Jun 16 2016

Interview with Brian Trent

Published by at 9:37 am under Interview

Part of a series of interviews with the writers for the upcoming speculative fiction anthology, Clash of the Titles. the anthology is the brain child of Glen Bavel, who conceived of an endearing conceit: he provides a list of titles and the members of his Facebook workshop, Writing the Short (SF) Story, use it as a starting point for a short speculative fiction story.

Brian Trent

Growing up, reading the works of Bradbury, Asimov and Clarke, Brian Trent began writing as a kid, filling up large yellow notebooks with fantastic stories of fantasy and science fiction. At some point Brian started getting published. His stories have appeared in ANALOG, Fantasy & Science Fiction, and Galaxy’s Edge, as well as a number of great anthologies. Most impressive, Brian is a winner in the 2013 Writers of the Future Contest. Recently, I had an opportunity to talk with Brian about his writing and his participation in the upcoming anthology, Clash of the Titles.

Why Speculative Fiction?

I love exploring possibilities, whether hopeful or grim, from how the future may unfold to the twisting paths that led us to today. Imagination is a wonderful engine in life.

What made you want to submit to the anthology? Would you do it again?

I loved the idea and the challenge. Gil, the editor, presented us with a list of titles, and asked us to compose a story around one of our choosing. And, I would absolutely do it again — he’s a great guy to work with.

How did you come up with your story? What made you choose that title?

The title I chose was “Vicious Cycle of Life.” It leapt out at me, suggesting Tennyson’s observation of nature as “red-in-tooth-and-claw.” But I didn’t want to do a simple monster story, so I started thinking of flora as opposed to fauna as a potential threat; there are some hideous cycles of life going on all around us. I also remembered reading years back about how a frozen mammoth was discovered with 30,000-year-old bacteria in its gut — and here’s the creepy part — once the gut was opened, the bacteria reawakened from their slumber. The story sprouted from there.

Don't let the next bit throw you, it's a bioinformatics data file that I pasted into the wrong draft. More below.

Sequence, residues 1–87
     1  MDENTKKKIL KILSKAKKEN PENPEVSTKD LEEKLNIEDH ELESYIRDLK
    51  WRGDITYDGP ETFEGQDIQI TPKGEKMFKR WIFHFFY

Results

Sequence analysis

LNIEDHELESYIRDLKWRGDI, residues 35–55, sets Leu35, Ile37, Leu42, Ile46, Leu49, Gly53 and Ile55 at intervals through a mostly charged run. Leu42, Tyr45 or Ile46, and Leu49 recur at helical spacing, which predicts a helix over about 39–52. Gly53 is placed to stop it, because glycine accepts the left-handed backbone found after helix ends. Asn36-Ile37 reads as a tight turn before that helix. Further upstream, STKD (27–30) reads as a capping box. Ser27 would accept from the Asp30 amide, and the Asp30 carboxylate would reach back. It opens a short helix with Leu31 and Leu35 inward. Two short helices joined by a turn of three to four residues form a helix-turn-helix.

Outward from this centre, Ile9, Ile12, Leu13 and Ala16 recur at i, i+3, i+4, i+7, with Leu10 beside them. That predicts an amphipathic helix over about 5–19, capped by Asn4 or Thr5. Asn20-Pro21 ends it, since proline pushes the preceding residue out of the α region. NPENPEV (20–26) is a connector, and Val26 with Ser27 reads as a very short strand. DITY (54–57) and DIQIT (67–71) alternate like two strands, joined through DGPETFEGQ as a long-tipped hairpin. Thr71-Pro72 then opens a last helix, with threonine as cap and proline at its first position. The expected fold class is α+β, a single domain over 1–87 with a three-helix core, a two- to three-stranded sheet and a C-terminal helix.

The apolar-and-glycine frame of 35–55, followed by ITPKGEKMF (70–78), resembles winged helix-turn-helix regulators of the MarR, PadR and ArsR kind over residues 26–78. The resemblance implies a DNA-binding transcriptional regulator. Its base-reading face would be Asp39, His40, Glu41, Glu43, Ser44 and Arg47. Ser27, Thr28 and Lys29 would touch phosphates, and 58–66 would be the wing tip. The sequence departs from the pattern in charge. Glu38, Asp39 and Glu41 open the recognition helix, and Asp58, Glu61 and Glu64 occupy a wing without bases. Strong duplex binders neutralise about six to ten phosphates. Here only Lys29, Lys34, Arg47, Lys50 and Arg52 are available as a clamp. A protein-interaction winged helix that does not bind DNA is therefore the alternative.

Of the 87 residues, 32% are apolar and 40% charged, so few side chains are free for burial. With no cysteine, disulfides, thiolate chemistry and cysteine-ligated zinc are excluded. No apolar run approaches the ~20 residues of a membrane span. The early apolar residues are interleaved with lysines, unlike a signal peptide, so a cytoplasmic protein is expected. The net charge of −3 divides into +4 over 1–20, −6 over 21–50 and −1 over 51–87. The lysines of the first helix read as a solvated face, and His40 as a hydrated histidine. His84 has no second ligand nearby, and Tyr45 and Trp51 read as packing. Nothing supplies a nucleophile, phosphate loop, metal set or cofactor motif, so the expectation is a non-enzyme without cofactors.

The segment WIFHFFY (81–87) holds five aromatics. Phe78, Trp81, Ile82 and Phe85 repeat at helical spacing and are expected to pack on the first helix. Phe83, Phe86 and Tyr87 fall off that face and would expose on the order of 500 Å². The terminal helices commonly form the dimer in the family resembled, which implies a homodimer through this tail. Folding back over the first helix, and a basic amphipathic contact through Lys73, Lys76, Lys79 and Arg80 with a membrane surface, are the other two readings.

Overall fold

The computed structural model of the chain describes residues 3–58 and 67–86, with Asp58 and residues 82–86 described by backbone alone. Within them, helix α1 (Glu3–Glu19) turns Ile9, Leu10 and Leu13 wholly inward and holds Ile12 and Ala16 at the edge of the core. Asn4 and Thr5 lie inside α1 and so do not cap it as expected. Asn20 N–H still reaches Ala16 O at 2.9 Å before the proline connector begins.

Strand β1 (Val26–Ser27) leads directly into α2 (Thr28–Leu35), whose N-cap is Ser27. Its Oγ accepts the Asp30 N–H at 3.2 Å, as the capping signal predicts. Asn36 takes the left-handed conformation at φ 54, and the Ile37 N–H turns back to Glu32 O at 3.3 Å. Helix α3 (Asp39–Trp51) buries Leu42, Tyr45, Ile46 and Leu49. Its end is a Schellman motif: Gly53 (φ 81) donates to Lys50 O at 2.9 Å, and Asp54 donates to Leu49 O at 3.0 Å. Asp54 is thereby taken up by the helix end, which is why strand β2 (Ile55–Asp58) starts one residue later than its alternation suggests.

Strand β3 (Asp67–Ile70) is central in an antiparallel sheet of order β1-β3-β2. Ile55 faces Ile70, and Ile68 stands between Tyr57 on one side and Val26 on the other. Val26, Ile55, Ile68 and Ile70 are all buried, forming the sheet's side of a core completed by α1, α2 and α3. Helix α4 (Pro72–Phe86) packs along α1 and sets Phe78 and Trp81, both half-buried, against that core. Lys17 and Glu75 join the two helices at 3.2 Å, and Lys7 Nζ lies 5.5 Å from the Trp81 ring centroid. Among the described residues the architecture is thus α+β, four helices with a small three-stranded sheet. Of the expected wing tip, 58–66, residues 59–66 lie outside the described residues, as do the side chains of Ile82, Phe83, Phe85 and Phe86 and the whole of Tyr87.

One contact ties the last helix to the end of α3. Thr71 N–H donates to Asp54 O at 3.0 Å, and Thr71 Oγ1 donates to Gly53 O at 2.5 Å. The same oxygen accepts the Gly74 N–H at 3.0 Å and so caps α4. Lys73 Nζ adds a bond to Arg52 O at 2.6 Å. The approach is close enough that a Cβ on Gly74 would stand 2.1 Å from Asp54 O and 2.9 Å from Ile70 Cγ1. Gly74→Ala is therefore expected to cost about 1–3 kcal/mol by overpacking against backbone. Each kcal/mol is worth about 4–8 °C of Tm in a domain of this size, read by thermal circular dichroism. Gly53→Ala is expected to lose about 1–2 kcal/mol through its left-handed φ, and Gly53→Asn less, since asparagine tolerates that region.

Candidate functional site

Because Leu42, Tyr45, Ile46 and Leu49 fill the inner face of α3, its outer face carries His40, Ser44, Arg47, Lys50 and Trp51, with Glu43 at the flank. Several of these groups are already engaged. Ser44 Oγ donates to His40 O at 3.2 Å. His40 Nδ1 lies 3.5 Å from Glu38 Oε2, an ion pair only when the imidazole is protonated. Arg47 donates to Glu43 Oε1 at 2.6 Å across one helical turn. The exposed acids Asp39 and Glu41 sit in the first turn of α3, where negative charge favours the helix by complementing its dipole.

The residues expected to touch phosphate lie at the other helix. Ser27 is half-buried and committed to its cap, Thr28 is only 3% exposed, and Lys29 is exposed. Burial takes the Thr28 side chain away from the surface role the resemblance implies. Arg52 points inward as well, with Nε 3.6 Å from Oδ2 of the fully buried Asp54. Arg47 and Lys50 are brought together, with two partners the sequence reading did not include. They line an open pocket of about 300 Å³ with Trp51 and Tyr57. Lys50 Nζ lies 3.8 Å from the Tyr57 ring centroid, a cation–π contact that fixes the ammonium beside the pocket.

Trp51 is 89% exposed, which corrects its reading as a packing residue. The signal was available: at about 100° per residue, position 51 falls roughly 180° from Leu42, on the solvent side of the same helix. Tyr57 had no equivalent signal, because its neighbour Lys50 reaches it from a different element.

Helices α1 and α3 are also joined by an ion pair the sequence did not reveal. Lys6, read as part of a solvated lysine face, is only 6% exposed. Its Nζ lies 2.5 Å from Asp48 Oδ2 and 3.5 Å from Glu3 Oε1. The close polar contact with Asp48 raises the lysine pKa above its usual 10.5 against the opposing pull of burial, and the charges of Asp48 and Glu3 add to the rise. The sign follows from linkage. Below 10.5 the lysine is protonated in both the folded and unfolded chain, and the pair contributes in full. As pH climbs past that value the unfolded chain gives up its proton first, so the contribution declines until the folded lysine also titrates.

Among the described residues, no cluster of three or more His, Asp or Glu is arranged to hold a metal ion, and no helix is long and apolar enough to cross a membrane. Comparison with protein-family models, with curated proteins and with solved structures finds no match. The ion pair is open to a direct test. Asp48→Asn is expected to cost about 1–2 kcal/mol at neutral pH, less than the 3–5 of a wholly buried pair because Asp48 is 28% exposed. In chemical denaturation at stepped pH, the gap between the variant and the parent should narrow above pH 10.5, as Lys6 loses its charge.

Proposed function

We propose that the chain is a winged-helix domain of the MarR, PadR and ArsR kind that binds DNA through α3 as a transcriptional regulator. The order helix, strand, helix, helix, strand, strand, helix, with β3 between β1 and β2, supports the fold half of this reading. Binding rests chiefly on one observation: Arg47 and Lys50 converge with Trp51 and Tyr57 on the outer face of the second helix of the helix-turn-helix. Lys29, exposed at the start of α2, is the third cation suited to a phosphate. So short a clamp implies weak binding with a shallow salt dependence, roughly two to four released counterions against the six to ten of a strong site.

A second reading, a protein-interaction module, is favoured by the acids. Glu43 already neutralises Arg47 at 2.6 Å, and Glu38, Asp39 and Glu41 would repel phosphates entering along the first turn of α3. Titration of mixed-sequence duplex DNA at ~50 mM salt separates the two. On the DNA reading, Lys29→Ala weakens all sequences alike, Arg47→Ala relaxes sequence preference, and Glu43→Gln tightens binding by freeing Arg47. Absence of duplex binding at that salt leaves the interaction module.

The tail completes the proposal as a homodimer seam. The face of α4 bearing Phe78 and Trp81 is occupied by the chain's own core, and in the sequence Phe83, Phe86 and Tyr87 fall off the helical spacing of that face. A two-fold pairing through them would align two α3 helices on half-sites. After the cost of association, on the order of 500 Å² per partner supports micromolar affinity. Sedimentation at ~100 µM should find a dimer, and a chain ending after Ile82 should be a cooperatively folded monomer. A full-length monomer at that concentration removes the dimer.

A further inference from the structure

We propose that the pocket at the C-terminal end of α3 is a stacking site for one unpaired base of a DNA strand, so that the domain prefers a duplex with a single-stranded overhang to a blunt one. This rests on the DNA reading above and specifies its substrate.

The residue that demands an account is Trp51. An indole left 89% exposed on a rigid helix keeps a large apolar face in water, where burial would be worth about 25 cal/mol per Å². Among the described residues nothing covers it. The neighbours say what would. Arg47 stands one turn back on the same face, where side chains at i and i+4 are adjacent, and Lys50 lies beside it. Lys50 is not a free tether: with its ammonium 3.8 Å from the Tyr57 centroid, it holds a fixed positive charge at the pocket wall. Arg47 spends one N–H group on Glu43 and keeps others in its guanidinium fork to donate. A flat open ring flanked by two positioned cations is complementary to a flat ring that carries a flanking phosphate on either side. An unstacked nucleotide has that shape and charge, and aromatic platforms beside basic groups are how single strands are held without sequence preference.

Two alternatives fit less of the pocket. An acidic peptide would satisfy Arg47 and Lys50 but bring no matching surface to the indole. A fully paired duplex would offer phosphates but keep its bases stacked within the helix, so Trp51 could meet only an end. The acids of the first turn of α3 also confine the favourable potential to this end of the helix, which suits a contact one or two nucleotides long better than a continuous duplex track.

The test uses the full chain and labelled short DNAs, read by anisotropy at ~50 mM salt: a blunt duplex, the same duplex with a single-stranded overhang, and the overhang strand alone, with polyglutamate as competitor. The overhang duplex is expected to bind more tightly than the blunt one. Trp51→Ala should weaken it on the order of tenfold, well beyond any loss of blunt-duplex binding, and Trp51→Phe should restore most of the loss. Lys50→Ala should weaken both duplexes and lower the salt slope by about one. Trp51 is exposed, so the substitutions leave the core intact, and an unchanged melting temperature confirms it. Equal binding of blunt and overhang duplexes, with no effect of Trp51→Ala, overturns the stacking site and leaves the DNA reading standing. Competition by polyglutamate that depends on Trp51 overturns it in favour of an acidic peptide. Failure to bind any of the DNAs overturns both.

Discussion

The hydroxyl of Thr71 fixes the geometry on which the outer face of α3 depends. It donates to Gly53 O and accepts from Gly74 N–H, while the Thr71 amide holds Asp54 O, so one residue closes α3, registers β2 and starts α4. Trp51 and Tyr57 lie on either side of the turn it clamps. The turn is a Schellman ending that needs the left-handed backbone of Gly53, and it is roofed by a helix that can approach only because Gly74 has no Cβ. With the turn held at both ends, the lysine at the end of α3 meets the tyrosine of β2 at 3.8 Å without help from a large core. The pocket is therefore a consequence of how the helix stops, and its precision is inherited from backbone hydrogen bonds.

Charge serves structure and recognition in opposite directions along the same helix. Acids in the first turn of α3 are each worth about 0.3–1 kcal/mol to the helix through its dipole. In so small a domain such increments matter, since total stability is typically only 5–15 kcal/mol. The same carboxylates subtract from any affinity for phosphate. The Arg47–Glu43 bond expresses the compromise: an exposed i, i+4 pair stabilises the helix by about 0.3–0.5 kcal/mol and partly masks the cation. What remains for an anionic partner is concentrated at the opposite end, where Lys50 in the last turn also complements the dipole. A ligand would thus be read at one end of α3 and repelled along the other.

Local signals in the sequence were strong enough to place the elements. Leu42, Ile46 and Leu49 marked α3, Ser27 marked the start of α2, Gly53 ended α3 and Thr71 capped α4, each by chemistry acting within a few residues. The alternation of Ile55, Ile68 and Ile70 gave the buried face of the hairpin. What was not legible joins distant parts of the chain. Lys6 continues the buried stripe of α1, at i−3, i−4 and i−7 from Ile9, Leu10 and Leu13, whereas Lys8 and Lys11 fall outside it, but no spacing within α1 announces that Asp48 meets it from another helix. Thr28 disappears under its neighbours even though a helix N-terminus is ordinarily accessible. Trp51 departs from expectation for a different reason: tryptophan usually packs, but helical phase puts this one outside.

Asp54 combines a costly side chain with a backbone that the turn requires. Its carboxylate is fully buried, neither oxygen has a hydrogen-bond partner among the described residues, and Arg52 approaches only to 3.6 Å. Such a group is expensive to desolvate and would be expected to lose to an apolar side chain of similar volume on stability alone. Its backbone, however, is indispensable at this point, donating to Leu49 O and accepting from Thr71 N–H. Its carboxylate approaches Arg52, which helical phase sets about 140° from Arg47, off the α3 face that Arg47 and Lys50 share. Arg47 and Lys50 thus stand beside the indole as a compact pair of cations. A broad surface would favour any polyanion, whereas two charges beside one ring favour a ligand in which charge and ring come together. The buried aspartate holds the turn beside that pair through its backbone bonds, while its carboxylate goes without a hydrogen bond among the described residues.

How is your story for the anthology the same and/or different from your other works?

“Vicious Cycle of Life” is chiefly a horror story, and while I do write and publish in horror, it forms the smallest portion of my work. I’m primarily a science fiction writer. The thing with horror fiction is that so much of it is often a rehash of ideas, so I was determined to craft something different from the surplus of vampires, serial killers, and shambling undead.

A lot has been said about the workshop process wherein the editor takes a video meeting with the writers to help offer instant feedback and share the editing process along the way. How did you find this process; what are your feelings about it?

It was a little different for me because “Vicious Cycle of Life” was accepted on its first draft; Gil was nice enough to make a public post about how much he enjoyed the story. Generally, though, writing workshops are invaluable tools. With a good mentor, it’s like being a sculptor’s apprentice — you’re shown how to shape and polish the creation, and clear away the rougher bits.